• Their spirituality was marked by divine intimacy. Several of them became mystics, writing (which women daren’t do in the Middle Ages!) erotic love poetry about their relationship with God.
  • Most were highly educated, reading and studying and copying books (it was considered a waste of time to educate women in those days)

What gave them such audacity?

What was so powerful about their writings that Meister Eckhart took inspiration from them to write his own monumental works?

Were they feminists before their times?

Join us as we explore these questions through the mystical writings of the more famous Beguines like Hadewijch of Brabant, Mechthild of Magdeburg, and Marguerite Porete (who was burned as a heretic!).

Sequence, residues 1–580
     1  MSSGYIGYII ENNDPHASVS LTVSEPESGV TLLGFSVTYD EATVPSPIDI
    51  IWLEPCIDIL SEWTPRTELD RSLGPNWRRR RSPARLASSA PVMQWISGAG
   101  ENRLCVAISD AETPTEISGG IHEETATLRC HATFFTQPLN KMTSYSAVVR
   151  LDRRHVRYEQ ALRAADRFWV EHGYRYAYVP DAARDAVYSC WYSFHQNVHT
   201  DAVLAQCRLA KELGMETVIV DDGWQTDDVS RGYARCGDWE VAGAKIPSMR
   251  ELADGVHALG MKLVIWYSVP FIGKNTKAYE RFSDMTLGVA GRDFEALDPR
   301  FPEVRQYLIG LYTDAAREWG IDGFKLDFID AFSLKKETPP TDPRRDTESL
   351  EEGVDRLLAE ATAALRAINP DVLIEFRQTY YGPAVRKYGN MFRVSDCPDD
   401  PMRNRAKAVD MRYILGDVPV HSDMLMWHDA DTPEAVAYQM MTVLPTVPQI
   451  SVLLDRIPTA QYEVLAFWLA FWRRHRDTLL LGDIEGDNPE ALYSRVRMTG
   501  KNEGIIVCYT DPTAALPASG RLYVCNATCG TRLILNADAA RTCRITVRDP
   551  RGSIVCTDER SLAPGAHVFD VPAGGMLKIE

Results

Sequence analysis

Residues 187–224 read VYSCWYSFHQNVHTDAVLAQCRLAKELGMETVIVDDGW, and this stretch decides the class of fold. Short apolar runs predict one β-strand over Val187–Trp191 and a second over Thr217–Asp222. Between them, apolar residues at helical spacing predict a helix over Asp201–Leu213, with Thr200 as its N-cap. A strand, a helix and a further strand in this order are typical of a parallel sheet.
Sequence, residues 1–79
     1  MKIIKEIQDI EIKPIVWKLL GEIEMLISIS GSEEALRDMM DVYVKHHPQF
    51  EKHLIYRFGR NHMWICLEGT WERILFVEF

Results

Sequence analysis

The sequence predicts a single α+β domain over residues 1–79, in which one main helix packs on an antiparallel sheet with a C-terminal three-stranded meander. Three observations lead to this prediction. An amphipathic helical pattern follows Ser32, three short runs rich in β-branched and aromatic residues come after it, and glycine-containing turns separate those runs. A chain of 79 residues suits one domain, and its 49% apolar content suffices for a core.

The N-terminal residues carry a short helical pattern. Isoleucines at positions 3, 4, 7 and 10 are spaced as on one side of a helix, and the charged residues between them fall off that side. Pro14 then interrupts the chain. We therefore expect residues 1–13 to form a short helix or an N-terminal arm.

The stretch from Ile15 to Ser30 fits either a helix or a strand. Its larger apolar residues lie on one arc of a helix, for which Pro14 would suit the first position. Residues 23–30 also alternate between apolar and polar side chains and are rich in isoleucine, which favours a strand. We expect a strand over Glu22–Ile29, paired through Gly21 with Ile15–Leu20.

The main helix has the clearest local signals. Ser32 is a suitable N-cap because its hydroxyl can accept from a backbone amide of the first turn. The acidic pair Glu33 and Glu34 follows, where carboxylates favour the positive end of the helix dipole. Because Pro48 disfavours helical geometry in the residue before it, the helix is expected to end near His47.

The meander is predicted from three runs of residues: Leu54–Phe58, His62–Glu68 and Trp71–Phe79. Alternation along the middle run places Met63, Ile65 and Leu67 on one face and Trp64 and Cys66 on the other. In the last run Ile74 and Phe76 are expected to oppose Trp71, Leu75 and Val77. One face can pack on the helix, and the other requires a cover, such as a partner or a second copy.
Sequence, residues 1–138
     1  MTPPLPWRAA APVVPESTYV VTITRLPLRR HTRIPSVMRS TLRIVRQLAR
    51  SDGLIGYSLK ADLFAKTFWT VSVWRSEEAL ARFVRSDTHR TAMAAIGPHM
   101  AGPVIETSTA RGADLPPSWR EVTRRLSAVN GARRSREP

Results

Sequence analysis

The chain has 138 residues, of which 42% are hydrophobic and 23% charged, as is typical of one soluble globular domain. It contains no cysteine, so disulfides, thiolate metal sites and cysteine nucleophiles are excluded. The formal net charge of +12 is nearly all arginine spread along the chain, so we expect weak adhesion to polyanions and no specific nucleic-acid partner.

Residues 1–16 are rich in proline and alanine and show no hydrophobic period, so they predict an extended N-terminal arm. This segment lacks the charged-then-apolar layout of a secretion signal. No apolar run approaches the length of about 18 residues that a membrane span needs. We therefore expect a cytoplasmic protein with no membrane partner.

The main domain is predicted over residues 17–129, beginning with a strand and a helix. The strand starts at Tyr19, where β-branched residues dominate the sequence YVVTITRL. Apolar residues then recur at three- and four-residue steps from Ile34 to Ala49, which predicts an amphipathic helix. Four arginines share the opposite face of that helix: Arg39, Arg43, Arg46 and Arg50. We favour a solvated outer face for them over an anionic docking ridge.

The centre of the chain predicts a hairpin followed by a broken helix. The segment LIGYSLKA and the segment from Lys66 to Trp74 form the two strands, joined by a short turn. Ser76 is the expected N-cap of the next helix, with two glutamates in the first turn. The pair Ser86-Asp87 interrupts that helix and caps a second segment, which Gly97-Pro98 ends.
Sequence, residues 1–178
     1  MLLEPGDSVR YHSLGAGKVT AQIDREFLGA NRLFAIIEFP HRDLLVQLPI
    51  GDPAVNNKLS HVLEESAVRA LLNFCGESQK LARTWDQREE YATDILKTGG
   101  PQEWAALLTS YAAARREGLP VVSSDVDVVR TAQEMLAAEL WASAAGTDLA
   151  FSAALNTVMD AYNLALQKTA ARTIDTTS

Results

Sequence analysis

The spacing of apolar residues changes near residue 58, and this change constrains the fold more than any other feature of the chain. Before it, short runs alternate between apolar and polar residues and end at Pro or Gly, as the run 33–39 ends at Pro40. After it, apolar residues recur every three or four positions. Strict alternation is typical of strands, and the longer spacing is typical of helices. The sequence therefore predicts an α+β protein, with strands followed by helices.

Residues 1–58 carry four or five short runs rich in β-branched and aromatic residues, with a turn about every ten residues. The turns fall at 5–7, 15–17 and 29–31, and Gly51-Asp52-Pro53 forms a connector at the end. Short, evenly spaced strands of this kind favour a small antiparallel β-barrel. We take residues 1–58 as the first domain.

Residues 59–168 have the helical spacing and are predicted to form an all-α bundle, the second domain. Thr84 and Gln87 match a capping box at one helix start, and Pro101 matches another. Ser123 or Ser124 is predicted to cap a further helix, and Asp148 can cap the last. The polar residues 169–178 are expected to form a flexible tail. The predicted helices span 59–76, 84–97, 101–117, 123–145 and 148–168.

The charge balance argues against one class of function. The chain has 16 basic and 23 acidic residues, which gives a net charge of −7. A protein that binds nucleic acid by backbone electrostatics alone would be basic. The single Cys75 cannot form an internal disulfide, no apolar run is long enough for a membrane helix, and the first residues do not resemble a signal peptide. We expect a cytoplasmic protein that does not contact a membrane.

Through their spousal mysticism, love of their bodies, acceptance of suffering, and fierce defense of the poor, we can learn what it looks like to be in union with the Sacred.


with Daniel Renaud

Teresa of Avila

St. Teresa was a woman first, a woman of passion, who not only felt strong emotion but expressed it freely in her life and writings. Teresa was earthy and in touch with her body, not only writing about spiritual matters but down-to-earth human matters: good food and books, illnesses and home remedies, fields and flowers, even comparing prayer to watering a garden.